Trip Report – Horsetail Falls, Utah

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Horsetail Falls

While on a business trip in northern Utah, I took a break on the weekend to fit in a quick overnight backpacking trip. It was also an opportunity to meet up with my cousin who took me to see a favorite hike for locals: Horsetail Falls.

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Horsetail Falls is a beautiful waterfall a few miles up Dry Creek Canyon, northeast of Alpine, Utah. The trail is in a protected wilderness area, so only hiking and equestrian use is permitted.

Summary

  • Distance: 2.5+ miles to the falls
  • Trailhead elevation: 5640 ft
  • Waterfall elevation: 7400 ft
  • Trailhead: Dry Creek
  • Location: Alpine, Utah

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The trail is well-marked and it has a good elevation gain with moderate terrain. There were a few creek crossings, and in places was a little wet, depending on the route. The entire area was beautiful and I found myself stopping regularly to soak in the views, take photos, and catch my breath. My cousin said there were amazing camping areas further up the trail, but due to my schedule, we stopped a little ways above the falls, about 3 miles up the trail. Camping spots were very limited, but thanks to bringing hammocks, we were able to set up in an area that looked pretty inhospitable, but was very Leave No Trace friendly.

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We were a good distance from the falls and the creek, but the sound of crashing water lulled us to sleep as we were cradled and rocked gently in our nests.

Hammock Gear Used

I love camping in the rain, and I was blessed with a nice midnight rain storm and a misting in the morning. We stayed nice and dry under our tarps, and thanks to the boulder I was pitched over, I was able to cook breakfast in bed over a rock face.

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Due to the slope we were camped on, I had to climb up a pine tree a little ways to hang my tree webbing and suspension line. Using quick-release Dutchware clips and using a Becket Hitch, I was able to quickly tie my Hennessy suspension without trouble.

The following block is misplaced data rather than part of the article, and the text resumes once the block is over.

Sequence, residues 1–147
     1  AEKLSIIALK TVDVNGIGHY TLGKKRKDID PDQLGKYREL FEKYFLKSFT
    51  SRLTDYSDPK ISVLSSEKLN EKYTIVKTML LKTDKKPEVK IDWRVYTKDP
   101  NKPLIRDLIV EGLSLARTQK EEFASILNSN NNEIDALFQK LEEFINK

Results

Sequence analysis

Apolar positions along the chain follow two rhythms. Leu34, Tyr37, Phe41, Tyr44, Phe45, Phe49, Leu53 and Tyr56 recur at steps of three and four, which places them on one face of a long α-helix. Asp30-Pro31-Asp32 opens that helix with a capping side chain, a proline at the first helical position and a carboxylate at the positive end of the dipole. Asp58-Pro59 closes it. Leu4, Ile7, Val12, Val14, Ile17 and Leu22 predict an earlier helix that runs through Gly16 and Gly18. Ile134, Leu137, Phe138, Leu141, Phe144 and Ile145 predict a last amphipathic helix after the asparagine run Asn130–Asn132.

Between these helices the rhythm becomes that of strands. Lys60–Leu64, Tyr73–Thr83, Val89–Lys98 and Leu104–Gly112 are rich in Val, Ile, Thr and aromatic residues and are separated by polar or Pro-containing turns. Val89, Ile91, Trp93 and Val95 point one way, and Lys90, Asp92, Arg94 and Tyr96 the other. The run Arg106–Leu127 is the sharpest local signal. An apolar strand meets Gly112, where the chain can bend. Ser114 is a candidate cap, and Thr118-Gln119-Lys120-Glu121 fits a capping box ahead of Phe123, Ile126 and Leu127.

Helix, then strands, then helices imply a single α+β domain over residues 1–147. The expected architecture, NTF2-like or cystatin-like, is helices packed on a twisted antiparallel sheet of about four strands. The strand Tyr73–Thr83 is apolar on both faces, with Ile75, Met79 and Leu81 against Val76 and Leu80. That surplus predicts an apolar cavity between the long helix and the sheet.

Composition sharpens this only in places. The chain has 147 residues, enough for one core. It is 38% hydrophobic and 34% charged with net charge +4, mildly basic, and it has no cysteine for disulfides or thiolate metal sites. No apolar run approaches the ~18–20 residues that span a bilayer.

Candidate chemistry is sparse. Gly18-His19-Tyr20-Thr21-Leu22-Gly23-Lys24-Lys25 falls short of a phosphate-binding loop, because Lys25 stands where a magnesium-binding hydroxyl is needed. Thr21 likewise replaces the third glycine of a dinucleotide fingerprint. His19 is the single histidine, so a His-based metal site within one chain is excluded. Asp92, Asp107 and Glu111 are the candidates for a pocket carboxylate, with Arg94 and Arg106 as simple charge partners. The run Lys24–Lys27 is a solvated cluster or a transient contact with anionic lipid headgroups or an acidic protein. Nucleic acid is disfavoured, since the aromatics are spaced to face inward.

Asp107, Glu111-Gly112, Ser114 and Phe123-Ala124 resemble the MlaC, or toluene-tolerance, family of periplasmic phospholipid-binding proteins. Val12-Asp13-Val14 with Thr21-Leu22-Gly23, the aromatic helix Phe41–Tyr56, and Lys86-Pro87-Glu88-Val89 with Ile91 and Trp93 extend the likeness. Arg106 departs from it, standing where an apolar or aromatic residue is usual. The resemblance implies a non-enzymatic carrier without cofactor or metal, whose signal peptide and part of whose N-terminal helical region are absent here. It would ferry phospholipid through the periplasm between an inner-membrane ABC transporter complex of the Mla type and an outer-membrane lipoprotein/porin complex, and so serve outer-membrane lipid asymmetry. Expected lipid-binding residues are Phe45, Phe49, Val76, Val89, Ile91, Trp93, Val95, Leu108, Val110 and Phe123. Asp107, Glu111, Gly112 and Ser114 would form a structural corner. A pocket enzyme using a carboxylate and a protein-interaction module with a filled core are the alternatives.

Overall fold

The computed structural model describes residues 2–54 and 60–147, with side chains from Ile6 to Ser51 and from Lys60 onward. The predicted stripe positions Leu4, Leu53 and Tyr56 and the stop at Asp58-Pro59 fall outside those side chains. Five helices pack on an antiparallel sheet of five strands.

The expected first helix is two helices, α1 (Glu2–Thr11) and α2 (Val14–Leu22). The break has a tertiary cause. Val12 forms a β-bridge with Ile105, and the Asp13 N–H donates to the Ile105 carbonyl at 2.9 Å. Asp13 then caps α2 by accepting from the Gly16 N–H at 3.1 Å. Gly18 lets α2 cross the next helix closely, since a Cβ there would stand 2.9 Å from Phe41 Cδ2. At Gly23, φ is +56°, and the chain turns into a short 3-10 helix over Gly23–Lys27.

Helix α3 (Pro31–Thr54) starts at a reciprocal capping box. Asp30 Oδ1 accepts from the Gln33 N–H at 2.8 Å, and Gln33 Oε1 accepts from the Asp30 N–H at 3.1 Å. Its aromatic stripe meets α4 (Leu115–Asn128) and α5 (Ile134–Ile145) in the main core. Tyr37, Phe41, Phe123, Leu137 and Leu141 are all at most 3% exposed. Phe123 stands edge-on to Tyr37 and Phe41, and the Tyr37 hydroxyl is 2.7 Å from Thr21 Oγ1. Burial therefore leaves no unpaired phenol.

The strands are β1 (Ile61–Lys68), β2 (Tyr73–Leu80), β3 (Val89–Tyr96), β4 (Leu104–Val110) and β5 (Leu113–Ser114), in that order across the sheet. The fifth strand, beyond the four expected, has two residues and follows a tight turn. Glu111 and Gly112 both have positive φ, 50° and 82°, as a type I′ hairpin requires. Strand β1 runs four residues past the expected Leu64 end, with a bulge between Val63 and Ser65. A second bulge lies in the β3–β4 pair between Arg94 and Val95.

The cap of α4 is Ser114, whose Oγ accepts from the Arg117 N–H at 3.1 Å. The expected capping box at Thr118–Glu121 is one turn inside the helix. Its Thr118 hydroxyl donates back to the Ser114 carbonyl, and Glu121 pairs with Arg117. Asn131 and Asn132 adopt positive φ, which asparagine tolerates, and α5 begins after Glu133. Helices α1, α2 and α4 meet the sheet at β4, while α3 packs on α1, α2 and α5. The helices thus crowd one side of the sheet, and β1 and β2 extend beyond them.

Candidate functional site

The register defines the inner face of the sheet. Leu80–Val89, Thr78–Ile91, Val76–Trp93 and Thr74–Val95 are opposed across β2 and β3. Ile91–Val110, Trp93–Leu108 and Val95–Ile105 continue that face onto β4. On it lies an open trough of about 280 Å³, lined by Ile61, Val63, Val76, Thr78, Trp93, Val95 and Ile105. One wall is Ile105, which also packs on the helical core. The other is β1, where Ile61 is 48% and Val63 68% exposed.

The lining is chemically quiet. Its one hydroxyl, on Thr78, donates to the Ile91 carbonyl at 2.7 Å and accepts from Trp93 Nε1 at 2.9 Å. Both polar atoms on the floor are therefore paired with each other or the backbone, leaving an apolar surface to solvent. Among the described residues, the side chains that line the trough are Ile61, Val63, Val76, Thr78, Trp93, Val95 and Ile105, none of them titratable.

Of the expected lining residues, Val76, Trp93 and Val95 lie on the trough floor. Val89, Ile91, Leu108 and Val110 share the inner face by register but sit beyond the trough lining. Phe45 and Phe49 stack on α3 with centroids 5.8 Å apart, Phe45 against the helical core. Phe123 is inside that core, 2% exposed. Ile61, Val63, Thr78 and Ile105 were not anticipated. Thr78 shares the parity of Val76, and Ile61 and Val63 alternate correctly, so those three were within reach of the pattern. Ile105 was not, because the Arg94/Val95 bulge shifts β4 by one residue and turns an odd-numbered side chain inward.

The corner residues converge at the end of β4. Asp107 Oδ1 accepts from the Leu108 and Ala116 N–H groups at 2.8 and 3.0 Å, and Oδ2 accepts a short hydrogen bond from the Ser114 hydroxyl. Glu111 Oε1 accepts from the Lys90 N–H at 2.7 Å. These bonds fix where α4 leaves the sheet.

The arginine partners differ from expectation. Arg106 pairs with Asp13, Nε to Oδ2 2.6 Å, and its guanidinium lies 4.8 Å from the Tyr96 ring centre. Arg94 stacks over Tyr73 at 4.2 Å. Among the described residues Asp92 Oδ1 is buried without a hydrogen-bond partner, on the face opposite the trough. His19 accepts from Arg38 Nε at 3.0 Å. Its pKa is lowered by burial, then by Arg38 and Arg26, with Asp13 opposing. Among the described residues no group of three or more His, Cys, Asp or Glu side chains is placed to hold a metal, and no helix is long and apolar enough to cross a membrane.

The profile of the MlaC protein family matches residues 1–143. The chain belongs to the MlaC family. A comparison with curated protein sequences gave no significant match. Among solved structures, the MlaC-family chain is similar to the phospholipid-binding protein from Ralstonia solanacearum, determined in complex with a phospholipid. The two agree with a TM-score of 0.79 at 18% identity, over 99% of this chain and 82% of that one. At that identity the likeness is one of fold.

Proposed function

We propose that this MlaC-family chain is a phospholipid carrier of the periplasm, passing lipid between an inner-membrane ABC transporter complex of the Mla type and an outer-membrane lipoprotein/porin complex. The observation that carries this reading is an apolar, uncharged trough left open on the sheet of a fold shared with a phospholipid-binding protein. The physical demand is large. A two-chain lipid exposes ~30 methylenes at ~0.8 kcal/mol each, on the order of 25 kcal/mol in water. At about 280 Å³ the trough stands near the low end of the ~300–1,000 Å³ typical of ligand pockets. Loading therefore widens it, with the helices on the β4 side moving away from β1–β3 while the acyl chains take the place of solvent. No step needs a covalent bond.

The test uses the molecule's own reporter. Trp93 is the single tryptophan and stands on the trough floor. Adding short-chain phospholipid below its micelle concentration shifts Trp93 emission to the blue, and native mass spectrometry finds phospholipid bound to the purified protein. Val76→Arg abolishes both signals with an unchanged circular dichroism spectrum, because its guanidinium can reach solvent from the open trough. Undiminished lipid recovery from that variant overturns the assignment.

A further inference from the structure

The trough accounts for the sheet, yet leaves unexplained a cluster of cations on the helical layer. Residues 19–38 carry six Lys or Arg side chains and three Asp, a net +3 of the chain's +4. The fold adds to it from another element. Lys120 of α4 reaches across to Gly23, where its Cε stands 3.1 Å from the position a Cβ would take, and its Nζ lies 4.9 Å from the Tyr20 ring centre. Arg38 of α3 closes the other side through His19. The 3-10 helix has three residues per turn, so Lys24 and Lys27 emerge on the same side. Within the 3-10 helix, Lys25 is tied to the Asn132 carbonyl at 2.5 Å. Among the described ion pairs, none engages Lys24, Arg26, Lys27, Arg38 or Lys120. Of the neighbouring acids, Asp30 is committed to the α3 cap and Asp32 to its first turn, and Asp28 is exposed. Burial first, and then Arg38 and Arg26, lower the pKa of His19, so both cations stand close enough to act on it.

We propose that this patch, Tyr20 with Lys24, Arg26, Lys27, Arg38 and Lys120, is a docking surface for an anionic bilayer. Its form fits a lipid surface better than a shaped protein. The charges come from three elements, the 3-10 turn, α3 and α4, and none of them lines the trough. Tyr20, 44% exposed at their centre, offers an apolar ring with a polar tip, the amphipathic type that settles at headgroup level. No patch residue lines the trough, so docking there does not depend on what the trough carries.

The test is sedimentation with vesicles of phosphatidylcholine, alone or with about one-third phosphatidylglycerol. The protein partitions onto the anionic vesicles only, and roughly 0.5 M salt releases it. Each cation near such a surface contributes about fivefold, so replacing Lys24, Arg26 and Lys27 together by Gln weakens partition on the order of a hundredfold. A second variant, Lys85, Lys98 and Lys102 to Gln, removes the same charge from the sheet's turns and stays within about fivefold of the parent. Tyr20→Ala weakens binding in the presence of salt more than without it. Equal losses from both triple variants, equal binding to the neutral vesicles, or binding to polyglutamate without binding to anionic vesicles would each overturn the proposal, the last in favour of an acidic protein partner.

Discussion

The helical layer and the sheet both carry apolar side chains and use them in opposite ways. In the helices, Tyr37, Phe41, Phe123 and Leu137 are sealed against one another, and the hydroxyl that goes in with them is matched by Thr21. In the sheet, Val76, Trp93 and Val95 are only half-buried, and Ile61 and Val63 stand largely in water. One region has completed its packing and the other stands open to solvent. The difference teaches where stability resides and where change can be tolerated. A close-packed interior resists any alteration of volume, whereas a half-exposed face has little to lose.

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I wish I could have stayed longer and explored more, but it was fun to do a quick sub-24O trek with my cousin. I can’t wait to do it again sometime!

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6 Responses

  1. Tom L. says:

    Dry Creek is great and lends itself very well to hammock camping. In fact, this is often our go-to shoulder season overnighter with the scouts. We’ve converted our entire varsity team to hammock campers and never looked back. In fact, a few years ago we made our own gathered end hammocks with one of the groups and it has now become a rite of passage of sorts for the younger scouts to look forward to as they move up through the program. It’s always fun to see some favorite local spots pop up on your site. Thanks for sharing.

    • Derek says:

      Thanks Tom! Your experience echoes my own. Our troop has had the same tradition of making hammocks. It’s a lot of fun.

  2. Jacob Scheer says:

    Looks like a fun trip! Where do you usually put your pack and other items if you are expecting it to rain?

    • Derek says:

      Usually underneath my hammock. If I brought a gear hammock I can keep everything elevated off the ground and dry. With a large enough tarp, I can also clip the pack off the end of the hammock.

  3. Curt says:

    A one trip is good for the soul, thanks for the reminder to just get out there.

  4. Curt says:

    I meant “one night”.

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